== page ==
Friday Random Ten, June 30

It’s that time of the week again, when I bore you with my bizzare taste in music. Quite an eclectic mix this week.

  1. Spock’s Beard, “Thoughts”. A track from an oldish Spock’s Beard album. SB is an American neoprog band, which sounds something like a blend of old Genesis, Kansas, and Rush. Very good band. This isn’t my favorite of their albums (that would be “V”).
  2. Gentle Giant, “Way of Life”. A classic song off of a classic album.
  3. Whirligig, “Mister Fox”. An interesting little ballad by a wonderful NYC based Irish band.
  4. Peter Gabriel, “San Jacinto”. Peter Gabriel at his absolute best. He’s never done anything to match the “Security” album, and this is one of my favorite tracks off of there. Starts off mellow and kind of mysterious sounding, and gradually builds, and then fades.
  5. The Clogs, “Lady Go”. A track with vocals from one of those “post-rock ensembles” that I love so much. Very strange sounding; partly a capella falsetto; lots of dark rythmic stiff in other parts.
  6. Broadside Electric, “Tam Lin”. The old traditional ballad performed by a really cool local electric folk band. (And one of the members of the band is actually a math professor at Suny Stonybrook! But she hadn’t joined yet on this album.)
  7. Mel Brooks & broadway cast of “The Producers”, “Springtime for Hitler”. The original producers is one of my all-time favorite comedy movies. I still haven’t managed to get in to see the show. But the soundtrack is absolutely brilliant.
  8. Psychograss, “Looks like a Duck”. Psychograss is a thoroughly amazing band: Tony Trischka, David Grier, Mike Marshall, Darol Anger, and Todd Phillips. They’re mostly bluegrass, but with various strange influences mixed in. This track has some of the most subtly amazing banjo playing you’ll ever hear, not to mention a knockout fiddle bit at the end.
  9. John Corigliano (performed by Stanley Drucker), “Clarinet Concerto, movement ii: Antiphonal Toccata”. I’m actually a classically trained clarinetist. I used to think that I didn’t like Stan Drucker’s playing. Then I heard this. I’ve since learned that while his performances of some of the old classical standards for Clarinet (Mozart’s Clarinet Concerto, the Weber concertos, etc.) are rather uninspired, he is utterly magnificent when it comes to modern music. He clearly loves playing the newer stuff, and it shows. This is also the most technically challenging piece for Clarinet that I’ve ever heard.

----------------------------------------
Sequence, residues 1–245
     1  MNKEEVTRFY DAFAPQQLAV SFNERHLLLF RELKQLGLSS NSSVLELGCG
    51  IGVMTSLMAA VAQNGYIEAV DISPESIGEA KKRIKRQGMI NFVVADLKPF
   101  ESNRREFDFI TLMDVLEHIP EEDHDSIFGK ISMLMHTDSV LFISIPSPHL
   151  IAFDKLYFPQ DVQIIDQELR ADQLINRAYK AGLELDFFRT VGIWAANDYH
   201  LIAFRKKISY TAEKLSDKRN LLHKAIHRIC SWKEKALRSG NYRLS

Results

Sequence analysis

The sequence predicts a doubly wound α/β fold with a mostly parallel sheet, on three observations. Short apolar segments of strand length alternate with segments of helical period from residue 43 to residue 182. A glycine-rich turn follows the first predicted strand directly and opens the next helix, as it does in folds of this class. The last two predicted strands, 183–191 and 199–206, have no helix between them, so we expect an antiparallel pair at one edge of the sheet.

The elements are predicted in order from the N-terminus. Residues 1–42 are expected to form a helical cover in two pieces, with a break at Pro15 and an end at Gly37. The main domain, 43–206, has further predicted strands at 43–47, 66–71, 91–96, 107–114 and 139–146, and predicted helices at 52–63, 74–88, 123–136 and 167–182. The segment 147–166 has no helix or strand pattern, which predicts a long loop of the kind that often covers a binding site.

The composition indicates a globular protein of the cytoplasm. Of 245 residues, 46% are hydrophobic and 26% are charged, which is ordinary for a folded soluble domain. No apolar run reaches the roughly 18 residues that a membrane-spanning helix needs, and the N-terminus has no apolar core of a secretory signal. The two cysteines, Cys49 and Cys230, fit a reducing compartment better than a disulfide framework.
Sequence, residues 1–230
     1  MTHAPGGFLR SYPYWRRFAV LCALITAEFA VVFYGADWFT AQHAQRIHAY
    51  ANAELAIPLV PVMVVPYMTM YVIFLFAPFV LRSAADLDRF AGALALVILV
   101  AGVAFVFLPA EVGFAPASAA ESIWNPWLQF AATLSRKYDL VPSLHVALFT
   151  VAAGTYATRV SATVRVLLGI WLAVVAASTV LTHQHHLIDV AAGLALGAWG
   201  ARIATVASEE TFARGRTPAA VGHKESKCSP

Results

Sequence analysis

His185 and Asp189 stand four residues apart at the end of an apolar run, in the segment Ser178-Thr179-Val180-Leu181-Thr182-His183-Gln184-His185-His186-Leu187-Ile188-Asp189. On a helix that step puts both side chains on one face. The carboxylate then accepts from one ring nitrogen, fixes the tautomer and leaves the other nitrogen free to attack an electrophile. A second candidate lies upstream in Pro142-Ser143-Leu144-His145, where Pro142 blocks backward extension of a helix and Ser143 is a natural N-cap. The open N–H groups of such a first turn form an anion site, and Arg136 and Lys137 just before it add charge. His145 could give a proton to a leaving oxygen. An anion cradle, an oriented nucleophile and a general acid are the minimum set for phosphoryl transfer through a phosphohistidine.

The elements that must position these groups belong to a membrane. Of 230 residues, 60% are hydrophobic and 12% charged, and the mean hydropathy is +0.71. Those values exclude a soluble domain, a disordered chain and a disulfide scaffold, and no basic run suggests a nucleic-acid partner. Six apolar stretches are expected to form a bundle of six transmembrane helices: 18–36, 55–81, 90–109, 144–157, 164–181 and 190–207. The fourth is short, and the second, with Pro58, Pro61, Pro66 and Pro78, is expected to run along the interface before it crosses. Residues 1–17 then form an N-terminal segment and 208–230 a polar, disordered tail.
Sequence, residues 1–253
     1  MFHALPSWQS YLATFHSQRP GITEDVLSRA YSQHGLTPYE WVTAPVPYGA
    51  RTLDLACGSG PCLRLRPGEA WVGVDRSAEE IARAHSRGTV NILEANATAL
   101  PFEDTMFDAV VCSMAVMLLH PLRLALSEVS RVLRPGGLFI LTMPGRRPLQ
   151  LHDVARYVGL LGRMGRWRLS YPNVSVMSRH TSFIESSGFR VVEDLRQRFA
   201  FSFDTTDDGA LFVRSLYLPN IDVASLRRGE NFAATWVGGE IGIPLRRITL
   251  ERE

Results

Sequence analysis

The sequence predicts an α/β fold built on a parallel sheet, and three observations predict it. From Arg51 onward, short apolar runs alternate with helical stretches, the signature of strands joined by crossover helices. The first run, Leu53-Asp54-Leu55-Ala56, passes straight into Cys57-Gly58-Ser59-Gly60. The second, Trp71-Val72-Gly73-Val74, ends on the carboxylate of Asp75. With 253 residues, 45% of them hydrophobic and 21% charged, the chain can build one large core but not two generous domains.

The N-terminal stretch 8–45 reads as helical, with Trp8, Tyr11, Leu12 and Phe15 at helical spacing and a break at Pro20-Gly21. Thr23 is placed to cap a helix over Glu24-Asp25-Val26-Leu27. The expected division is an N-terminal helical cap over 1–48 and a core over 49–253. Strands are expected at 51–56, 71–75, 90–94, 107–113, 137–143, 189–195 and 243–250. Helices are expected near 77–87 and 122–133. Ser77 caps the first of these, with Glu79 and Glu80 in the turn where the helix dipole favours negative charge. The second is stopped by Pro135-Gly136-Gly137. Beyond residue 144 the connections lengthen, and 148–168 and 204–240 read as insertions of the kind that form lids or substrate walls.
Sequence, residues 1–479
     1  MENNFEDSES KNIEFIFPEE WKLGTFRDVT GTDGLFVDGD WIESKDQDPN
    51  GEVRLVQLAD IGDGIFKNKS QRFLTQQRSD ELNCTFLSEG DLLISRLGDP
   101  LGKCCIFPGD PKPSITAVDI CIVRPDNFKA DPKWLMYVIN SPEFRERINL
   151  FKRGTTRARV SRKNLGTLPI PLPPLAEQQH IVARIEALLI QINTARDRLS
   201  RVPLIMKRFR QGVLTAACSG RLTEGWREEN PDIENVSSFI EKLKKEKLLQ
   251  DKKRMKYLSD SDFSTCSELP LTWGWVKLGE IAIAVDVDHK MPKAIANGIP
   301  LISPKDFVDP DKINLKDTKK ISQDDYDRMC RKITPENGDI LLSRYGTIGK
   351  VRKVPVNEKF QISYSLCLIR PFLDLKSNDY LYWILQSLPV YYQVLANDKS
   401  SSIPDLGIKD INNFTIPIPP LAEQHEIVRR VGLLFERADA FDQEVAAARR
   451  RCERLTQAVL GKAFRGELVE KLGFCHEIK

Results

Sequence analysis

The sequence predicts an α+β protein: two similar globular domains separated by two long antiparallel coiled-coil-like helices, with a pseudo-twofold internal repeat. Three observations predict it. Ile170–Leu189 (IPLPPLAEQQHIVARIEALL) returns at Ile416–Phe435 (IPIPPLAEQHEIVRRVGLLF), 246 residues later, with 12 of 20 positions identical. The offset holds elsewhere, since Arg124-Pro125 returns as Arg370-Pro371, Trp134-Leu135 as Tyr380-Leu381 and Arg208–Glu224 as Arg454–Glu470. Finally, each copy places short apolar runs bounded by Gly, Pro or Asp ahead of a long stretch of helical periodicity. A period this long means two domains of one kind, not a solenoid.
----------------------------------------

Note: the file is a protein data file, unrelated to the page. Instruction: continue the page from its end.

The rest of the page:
10. Vasen, “Sluken”. Vasen is a Swedish folk band. The lead player plays a peculiar instrument called the Nyckelharpa – it’s a violin with a keyboard. They’re a great band, especially if you get to see them live.

One more plug for DonorsChoose

This is the last time I’m going to bug folks to remind them to donate to the SB challenges.
The DonorsChoose fundraiser here at ScienceBlogs is just about over. Three more days for you to help some kids get a good education in math and science. The GoodMath/BadMath challenge is here; and Janet has a rundown on the challenges that are close to their goals. (If the challenge is met, DonorsChoose will add in an extra 5% bonus.)
As an extra incentive, for the next 10 people who donate to the GM/BM challenge, if you send me a copy of your DonorsChoose receipt, I’ll let you pick one topic for me to write a post about. The only restriction is that the topic be related to some kind of math – good or bad – and that it’s legit. (So don’t send me some good math and ask me to write a bad math post about it.)
Please, do go over to DC, and donate whatever you can afford, As I said at the very beginning of our drive, I’ve taught kids from the kinds of schools that we’re trying to help. There’s something deeply wrong with a school where you have kids who want to learn, but they don’t really get the chance, because they don’t have the things they need – like textbooks.

Dishonest Dembski:the Universal Probability Bound

Dishonest Dembski:the Universal Probability Bound
One of the dishonest things that Dembski frequently does that really bugs me is take bogus arguments, and dress them up using mathematical terminology and verbosity to make them look more credible.
An example of this is Dembski’s *universal probability bound*. Dembski’s definition of the UPB from the [ICSID online encyclopedia][upb-icsid] is:
>A degree of improbability below which a specified event of that probability
>cannot reasonably be attributed to chance regardless of whatever
>probabilitistic resources from the known universe are factored in. Universal
>probability bounds have been estimated anywhere between 10-50 (Emile Borel)
>and 10-150 (William Dembski).
He’s quantified it in several different ways. I’ve found three different versions of the calculation of the UPB: two of them from wikipedia; one is from a message thread at ICSID which the author claims is a quote from one of Dembski’s books.
Let’s look at Dembski’s own words first:
>Specifically, within the known physical universe there are estimated to be no
>more than 1080 elementary particles. Moreover, the properties of matter are
>such that transitions from one state to another cannot occur at a rate faster
>that 1045 times per second. Finally, the universe itself is about a billion
>times younger than 1025 seconds (assuming the universe is around 10 to 20